In his media interviews of woe, Mr. Donahoe talks precious little either about revenue increases or about long-overdue expansions of service. Abolished because of banking industry pressure in 1966, the Postal Savings System for simple savings accounts needed by tens of millions of “unbanked” Americans could be reactivated. Mr. Donahoe has been telling people that he’s thinking about it, but this self-styled salesman has proposed nothing to date. (See the letter urging this expansion by the Appleseed Foundation, dated October 14, 2011.)

Each time I ask Mr. Donahoe to tell us how he is increasing revenue through this remarkable local network of 32,000 post offices, there is no response. Postal Regulatory Commission Chairperson Ruth Goldway has proposed about two dozen ways to increase revenue. Why not explore new ways to use the Internet to produce new revenue?

My conversations with postal workers and letter carriers are filled with revenue increasing ideas from them. These workers are frustrated because the suggestion forms they are asked to regularly fill out are sent to headquarters with nary a feedback. One simple idea, establish a more vigorous staff culture of selling existing and new services. Poor morale loses sales. Are there too many “supervisors” lording it over their underlings? Why can’t Express Mail or parcel post shipments rise from their abysmal level of under 10% of the current marketplace.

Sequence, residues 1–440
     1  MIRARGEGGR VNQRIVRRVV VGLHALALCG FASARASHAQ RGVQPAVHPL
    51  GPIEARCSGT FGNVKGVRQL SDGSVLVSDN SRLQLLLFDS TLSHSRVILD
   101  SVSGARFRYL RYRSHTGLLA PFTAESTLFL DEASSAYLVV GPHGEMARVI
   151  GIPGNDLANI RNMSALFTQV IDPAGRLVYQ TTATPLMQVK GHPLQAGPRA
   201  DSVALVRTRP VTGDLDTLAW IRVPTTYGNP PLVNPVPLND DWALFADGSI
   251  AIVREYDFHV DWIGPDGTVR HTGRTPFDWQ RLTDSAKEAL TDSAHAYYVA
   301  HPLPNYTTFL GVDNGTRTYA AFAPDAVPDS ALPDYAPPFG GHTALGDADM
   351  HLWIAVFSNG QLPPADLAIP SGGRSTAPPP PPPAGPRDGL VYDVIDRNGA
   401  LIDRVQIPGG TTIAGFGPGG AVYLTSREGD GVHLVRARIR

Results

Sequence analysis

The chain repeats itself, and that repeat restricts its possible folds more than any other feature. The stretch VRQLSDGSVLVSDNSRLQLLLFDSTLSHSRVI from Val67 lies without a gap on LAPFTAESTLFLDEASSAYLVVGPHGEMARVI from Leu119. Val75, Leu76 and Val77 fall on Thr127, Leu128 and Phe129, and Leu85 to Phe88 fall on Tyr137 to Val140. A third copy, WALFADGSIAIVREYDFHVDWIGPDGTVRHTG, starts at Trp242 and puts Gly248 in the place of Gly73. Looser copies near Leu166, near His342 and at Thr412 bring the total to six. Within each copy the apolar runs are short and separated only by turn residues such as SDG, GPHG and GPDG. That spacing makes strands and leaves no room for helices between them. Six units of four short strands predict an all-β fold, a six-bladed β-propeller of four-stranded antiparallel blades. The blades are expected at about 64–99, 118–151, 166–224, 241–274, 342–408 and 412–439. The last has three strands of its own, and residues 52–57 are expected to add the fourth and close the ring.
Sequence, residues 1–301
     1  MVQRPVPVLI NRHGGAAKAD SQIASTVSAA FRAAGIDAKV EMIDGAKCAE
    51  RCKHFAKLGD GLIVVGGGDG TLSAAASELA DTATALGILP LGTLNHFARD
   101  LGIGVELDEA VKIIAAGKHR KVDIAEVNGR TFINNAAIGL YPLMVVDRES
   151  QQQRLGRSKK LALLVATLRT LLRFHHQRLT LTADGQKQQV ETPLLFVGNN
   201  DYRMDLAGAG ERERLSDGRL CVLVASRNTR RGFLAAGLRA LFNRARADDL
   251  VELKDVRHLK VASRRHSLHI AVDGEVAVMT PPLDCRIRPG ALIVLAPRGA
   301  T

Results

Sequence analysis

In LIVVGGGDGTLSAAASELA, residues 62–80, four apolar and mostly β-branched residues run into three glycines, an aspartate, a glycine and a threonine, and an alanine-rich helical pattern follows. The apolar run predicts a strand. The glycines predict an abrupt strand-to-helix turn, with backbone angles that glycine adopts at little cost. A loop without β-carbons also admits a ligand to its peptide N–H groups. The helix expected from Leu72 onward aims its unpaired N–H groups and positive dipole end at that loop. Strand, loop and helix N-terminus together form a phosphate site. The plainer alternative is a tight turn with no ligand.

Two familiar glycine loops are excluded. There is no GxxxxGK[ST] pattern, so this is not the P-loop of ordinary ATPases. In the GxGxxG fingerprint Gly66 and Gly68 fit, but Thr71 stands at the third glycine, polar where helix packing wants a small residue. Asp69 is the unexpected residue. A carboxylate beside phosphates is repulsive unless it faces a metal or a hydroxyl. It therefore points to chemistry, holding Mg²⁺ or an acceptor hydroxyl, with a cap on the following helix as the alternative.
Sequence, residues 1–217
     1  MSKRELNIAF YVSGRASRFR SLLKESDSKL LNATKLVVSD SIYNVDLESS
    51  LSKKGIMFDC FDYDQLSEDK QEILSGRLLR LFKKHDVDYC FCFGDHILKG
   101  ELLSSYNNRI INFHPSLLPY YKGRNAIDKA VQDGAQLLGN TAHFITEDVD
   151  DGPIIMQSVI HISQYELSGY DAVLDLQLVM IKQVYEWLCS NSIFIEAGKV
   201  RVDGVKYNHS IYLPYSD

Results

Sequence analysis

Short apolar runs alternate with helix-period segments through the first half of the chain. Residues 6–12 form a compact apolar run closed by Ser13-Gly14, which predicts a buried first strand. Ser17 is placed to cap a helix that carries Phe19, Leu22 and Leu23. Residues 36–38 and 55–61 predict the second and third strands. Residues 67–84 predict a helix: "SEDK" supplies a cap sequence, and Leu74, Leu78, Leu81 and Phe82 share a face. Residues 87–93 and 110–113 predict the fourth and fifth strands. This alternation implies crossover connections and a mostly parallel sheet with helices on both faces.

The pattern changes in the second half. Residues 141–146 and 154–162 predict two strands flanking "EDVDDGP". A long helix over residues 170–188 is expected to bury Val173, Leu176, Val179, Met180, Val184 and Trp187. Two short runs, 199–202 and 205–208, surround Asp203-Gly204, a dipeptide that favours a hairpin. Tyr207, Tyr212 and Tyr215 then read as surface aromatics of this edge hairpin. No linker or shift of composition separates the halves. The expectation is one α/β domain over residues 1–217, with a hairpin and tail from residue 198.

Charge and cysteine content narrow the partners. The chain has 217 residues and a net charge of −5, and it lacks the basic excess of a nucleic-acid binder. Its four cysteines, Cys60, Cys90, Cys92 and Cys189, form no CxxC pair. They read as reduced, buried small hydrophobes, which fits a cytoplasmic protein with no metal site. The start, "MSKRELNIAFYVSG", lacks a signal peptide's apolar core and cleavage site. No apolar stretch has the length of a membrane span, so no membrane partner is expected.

The USPS is aggressive in selling new stamps, but it falls down when confronted by FedEx, UPS and others in the lucrative overnight express delivery and package business. The truck bays in Congress itself are full of these company vehicles. Let’s recognize that Congress often has tied the Post Office’s hands on what it can sell. But that cannot excuse post office problems such as long lines, long phone delays, other mismatches between staff and levels of fluctuating business, including a USPS proposal to reduce their time of delivery standards.

Recessions take their toll, more from many large companies (take the auto companies) than from the Postal Service on a percentage of sales basis. So there is no need to panic and stripmine the Postal Service. This could create a decline in usage and a fatal downward revenue spiral.